Early last week, I found myself in one of the occasional vaguely scrambled mental states I manage to get into every once in a while, which resulted in one of my (very) occasional late-night trips to Denny’s to sort things out. As I’ve discussed previously, I can’t explain just why it is that I only ever seem to end up at Denny’s when my brain isn’t quite firing on all of its proverbial cylinders, but there’s a certain quiet and largely distraction-free solitude to a nearly deserted restaurant late at night that seems to be conducive to sorting out these types of mental states. Granted, this doesn’t really happen all that often, but apparently it happens often enough that I’m starting to recognize some of the people who frequent the place at that time of night, including some guy in one of the booths behind the counter who seems to be often engaged in phone conversations that are, even by my standards, incredibly nerdy. There’s also several of the waiters and waitresses who I’ve begun to recognize from multiple late-night visits. This seems to be a remnant of the culture that developed over the years (but has now largely vanished around here, although some holdouts still remain, largely unchanged) within the various greasy spoon diners, but it’s a culture that I doubt I could embrace, although I certainly don’t put myself above making the occasional visit.
As would be expected of most places around this time of year, the place was decorated for the Holidays, and the speaker system was quietly playing a variety of assorted Christmas tunes, mostly of the traditional variety. It’s one of those things that most of the time you’d hear in the background in some store or at some party and not give more than a passing thought to (although I’m sure just about anyone would notice the stuff if someone was playing it in the middle of April or something like that, but that’s beside the point.) And in my case, most of the time that’s pretty much how it works. In this case, perhaps it was the fact that I was sitting quietly at the counter waiting for an order of chicken strips, or perhaps I was just trying to find something for my brain to latch onto besides its own static, but for some reason I started actually listening to the stuff. And when I did this, pretty quickly the stuff all started sounding incredibly cheesy.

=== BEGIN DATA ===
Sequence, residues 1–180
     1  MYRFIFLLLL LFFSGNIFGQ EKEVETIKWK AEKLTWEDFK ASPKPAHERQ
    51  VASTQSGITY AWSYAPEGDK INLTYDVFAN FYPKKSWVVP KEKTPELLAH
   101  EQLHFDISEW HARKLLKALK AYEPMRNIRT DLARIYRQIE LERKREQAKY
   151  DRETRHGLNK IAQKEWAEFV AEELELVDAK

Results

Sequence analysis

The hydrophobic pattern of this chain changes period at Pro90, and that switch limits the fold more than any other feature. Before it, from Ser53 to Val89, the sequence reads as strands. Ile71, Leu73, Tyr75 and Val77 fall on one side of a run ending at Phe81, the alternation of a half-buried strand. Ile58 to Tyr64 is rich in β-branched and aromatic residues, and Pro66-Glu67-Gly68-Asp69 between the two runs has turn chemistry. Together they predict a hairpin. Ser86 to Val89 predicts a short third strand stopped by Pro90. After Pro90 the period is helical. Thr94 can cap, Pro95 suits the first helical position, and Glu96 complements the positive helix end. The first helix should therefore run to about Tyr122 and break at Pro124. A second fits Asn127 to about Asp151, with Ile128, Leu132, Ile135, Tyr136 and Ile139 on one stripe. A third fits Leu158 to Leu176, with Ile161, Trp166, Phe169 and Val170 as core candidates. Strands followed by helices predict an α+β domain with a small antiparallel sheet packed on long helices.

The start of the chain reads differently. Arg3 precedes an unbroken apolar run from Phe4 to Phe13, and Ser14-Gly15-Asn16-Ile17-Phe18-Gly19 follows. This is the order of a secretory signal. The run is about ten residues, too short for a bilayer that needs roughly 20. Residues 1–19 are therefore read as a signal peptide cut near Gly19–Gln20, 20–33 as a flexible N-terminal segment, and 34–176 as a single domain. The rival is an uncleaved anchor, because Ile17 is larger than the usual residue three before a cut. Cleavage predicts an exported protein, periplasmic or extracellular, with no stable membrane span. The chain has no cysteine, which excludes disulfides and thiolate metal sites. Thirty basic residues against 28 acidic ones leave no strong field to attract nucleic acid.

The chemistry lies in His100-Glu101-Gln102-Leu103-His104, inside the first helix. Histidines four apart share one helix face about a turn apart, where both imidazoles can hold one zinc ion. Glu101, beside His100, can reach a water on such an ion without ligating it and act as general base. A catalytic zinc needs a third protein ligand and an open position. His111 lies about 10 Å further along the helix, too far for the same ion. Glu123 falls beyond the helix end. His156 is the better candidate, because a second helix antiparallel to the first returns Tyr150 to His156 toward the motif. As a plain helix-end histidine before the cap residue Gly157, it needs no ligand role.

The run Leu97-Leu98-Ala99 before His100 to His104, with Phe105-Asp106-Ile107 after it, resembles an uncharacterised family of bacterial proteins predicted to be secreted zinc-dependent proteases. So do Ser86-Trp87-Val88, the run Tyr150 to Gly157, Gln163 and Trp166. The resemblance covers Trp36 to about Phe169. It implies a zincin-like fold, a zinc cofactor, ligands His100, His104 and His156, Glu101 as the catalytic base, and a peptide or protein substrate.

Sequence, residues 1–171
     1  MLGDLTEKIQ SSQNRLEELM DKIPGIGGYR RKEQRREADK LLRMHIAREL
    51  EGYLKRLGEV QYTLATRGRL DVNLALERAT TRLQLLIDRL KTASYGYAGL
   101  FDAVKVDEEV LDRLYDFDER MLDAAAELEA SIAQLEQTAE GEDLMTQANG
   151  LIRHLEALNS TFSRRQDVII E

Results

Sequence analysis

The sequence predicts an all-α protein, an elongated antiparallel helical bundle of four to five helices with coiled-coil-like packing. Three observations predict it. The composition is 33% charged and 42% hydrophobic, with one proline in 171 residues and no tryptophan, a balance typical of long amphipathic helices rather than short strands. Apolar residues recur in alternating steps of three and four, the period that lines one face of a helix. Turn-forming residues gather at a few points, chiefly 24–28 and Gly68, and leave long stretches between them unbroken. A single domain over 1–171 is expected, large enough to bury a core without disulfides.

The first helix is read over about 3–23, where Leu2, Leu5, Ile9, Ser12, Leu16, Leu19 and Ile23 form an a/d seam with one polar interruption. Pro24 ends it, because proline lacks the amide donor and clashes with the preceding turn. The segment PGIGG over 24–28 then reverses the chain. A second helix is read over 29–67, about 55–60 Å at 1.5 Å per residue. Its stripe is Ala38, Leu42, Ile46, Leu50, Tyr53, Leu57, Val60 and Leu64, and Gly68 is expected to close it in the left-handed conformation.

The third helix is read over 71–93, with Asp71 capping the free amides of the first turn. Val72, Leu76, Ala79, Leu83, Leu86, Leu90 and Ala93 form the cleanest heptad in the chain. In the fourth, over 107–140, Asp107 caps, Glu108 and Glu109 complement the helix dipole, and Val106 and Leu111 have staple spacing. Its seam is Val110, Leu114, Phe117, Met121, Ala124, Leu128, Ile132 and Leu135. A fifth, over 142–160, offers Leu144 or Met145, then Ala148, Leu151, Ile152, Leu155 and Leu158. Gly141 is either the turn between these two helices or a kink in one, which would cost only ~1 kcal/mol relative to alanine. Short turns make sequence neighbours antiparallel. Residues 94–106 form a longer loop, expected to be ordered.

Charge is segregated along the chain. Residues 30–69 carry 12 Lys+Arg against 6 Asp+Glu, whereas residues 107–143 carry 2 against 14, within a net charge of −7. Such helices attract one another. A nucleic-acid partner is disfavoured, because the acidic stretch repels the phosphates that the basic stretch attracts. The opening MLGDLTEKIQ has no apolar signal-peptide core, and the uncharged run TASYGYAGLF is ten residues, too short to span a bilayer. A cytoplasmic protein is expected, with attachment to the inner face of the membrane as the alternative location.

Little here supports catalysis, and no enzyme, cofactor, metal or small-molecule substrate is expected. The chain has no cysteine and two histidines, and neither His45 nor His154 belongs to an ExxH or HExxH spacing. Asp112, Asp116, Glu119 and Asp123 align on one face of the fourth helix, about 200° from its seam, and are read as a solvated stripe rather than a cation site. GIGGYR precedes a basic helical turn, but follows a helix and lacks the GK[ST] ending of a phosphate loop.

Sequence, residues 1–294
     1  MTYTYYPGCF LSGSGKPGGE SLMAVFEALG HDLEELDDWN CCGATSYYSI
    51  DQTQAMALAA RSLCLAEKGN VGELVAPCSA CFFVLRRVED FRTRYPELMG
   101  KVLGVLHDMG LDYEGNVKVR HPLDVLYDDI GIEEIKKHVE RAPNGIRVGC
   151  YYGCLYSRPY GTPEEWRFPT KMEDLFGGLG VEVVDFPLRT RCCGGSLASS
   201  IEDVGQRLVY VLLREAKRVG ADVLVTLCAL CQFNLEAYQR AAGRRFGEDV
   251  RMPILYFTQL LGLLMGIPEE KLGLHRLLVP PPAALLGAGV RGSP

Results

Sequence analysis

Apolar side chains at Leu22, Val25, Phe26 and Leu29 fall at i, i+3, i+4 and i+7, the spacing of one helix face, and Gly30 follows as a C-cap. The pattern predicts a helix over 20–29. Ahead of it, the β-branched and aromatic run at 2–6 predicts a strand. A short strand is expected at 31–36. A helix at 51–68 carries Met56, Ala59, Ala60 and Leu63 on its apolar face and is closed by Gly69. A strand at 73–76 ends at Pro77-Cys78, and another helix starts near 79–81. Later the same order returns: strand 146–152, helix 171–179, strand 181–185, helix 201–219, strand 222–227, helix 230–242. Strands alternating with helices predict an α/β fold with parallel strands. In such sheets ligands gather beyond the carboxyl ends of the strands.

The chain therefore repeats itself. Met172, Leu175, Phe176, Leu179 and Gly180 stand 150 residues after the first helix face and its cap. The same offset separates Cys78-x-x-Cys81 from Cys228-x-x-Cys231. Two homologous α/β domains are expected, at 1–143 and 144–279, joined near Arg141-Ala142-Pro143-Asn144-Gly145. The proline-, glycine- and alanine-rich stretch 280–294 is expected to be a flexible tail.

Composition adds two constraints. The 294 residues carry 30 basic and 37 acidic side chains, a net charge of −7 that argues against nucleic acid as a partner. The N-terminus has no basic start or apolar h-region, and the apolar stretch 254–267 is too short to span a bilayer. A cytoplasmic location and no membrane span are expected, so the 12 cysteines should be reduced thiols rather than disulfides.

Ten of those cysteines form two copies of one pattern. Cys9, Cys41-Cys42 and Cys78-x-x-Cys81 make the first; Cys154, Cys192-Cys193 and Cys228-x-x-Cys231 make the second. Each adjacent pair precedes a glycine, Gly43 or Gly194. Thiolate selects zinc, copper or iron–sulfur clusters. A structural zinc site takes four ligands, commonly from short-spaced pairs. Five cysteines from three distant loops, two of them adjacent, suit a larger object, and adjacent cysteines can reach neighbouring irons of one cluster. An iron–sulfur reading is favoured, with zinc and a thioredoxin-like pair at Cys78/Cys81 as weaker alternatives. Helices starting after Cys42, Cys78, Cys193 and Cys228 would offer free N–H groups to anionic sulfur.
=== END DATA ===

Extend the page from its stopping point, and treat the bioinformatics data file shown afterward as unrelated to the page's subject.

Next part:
Coincidentally, it was just about this time that one of the nearby waitresses (one who definitely fits the diner waitress archetype, who you could easily picture calling for the cook to flop two over easy with a couple of zeppelins and a moo juice at some place out on the side of Highway 23) was clearing off a table behind me, and made an offhand comment to nobody in particular that, to paraphrase a bit, she’d have to shoot herself in the head if she had to listen to this stuff for another month. This resulted in a brief conversation on the subject in which I largely agreed with the assertion (minus the shooting in the head part of course) and noted that if I had to listen to the same twenty syrupy Holiday songs on continuous loop for a month, I’d probably have to consider a similar course of action. Granted, the fact that I don’t have to listen to the same twenty songs on a continuous loop for a month does tend to mean that I probably have a bit more tolerance than that, but when you think about it, we’re long overdue for some new “classic” Christmas songs.